26 December 2006

A book not worth reading

Some weeks back I picked up a copy of Stephen Mansfield's Pope Benedict XVI: His Life and Mission (New York: Jeremy P. Tarcher/Penguin, 2005). It is a book I do not recommend.

I cautiously read the book because Mansfield constantly refers to "his [Pope Benedict's] God" and "his church." Of course, His Holiness neither possesses God nor the Church, but be that as it may, toward of the end of the book my suspicions were confirmed that Mansfield does not have a good grasp on the Roman Catholic Church.

Speaking about the days leading up to the conclave in which Pope Benedict was elected, Mansfield asserts:

Then there was the apparent transformation in Ratzinger's personal style. By all accounts, he could be painfully dry, both personally and in public. One cardinal feared that the banner over a Ratzinger papacy would be "The Bland leading the bland." Ratzinger and his supporters understood and this worked to make a change. At a funeral in Milan just weeks before John Paul II's death, both the popular [Cardinal] Tettamanzi and the usuallly tepid Ratzinger spoke. In a passionate and inspiring eulogy given without notes, Ratzinger so moved the crowd that they burst into applause when he finished. Tettamanzi was forced to follow him, but his uncharacteristically plodding talk, which was read from apprarently disorganized notes, met only with stony silence.
The Ratzinger makeover continued. His sermons improved and his newfound ease with a crown was widely acknowledged. He seemed to be everywhere. He not only gave the Good Friday homily as John Paul lay dying but he also spoke at the first of the novemdiales Masses, at the cardinal's daily congregation meetings, and at the pre-conclave Mass, where he seemed to outline a direction for the future of the Church....

Many [Mansfield apparently included] saw this as Ratzinger's bid for office (142-143).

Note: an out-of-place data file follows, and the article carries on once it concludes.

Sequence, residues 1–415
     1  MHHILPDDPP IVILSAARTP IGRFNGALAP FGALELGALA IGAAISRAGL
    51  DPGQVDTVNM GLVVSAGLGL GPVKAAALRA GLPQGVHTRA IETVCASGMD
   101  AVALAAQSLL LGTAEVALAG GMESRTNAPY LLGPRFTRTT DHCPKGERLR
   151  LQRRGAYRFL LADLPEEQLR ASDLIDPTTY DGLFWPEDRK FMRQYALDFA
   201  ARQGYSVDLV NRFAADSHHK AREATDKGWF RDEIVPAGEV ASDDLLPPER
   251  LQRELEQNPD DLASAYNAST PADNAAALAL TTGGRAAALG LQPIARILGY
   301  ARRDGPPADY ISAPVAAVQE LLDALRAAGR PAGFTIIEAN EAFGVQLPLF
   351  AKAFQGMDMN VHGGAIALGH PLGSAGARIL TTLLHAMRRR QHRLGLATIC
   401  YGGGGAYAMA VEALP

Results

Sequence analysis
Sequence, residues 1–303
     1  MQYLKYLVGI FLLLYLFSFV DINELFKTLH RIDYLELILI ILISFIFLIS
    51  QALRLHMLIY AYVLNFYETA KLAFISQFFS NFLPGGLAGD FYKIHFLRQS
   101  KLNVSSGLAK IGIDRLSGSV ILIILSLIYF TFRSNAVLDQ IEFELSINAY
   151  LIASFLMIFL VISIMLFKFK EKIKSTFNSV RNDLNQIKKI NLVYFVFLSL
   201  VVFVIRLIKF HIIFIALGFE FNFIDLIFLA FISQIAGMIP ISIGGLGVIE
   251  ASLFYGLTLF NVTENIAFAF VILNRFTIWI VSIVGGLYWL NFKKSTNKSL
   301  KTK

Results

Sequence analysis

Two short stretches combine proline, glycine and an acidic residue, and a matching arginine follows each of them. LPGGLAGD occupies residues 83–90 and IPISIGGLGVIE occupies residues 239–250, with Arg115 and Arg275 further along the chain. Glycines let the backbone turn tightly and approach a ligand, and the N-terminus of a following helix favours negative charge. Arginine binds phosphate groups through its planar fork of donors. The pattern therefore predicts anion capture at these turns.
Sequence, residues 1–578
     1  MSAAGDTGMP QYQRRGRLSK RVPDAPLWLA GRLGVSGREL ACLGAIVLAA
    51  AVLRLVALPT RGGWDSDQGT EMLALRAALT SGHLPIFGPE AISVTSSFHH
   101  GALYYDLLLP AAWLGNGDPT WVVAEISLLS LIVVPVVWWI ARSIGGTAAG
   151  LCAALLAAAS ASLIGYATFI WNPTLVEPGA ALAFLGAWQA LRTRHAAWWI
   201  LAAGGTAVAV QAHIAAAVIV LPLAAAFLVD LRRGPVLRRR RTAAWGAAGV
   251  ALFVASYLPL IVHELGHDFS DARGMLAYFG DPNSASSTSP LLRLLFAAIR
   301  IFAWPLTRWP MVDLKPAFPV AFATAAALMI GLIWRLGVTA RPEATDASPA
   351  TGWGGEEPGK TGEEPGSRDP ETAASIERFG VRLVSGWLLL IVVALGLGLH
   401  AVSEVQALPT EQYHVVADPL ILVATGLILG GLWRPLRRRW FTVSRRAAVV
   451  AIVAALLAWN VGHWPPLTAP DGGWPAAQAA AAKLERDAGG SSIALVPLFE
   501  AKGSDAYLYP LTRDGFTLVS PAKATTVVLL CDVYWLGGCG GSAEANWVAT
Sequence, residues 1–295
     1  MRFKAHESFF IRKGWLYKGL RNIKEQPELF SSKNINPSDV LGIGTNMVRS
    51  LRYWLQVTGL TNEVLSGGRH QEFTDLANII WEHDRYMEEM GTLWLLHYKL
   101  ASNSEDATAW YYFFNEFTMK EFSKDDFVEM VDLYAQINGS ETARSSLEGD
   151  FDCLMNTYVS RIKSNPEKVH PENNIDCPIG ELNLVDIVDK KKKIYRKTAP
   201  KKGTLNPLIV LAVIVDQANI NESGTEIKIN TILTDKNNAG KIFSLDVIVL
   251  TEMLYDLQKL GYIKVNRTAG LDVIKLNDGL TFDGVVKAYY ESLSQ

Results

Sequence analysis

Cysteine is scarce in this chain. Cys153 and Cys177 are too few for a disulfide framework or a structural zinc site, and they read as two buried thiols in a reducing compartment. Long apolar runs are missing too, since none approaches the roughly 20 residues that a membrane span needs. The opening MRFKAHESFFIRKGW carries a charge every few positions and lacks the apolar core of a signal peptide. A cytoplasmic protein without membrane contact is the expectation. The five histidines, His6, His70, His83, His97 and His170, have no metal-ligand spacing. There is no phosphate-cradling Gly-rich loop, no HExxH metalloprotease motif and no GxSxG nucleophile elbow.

Mansfield's assertions are, of course, quite ridiculous, and betray a lack of knowledge of then-Cardinal Ratzinger, his writings and his preaching. Ratzinger himself did not change; people's - largely Americans, I expect - perception of him changed. Raztinger was not "bidding" for office, but simply proclaiming the truth, in the most public way he could.

As bad as this false assessment of Ratzinger is, Mansfield makes a much greater - and inexcusable - error on page 159 where he says:

The vast majority of Catholics in America do not attend Mass regularly, believe it is possible to have an abortion and still be a good Catholic, and believe that the Eucharist is merely a symbol rather than a repeated sacrifice of the real body of Christ as Church doctrine maintains [emphasis mine].
Church doctrine, of course, does not maintain this, nor has it ever. It is the same sacrifice re-presented. A simple consultation with the Catechism of the Catholic Church would have given Mansfield the correct and authentic Catholic sacramental belief: "The sacrifice of Christ and the sacrifice are one single sacrifice" [emphasis original], 1367.

If Mansfield cannot even get this most basic of Catholic doctrines correct, his book most certainly is not worth reading.

One papal biography worth reading is Peter Seewald's Pope Benedict XVI: Servant of the Truth (San Francisco: Ignatius Press, 2006).

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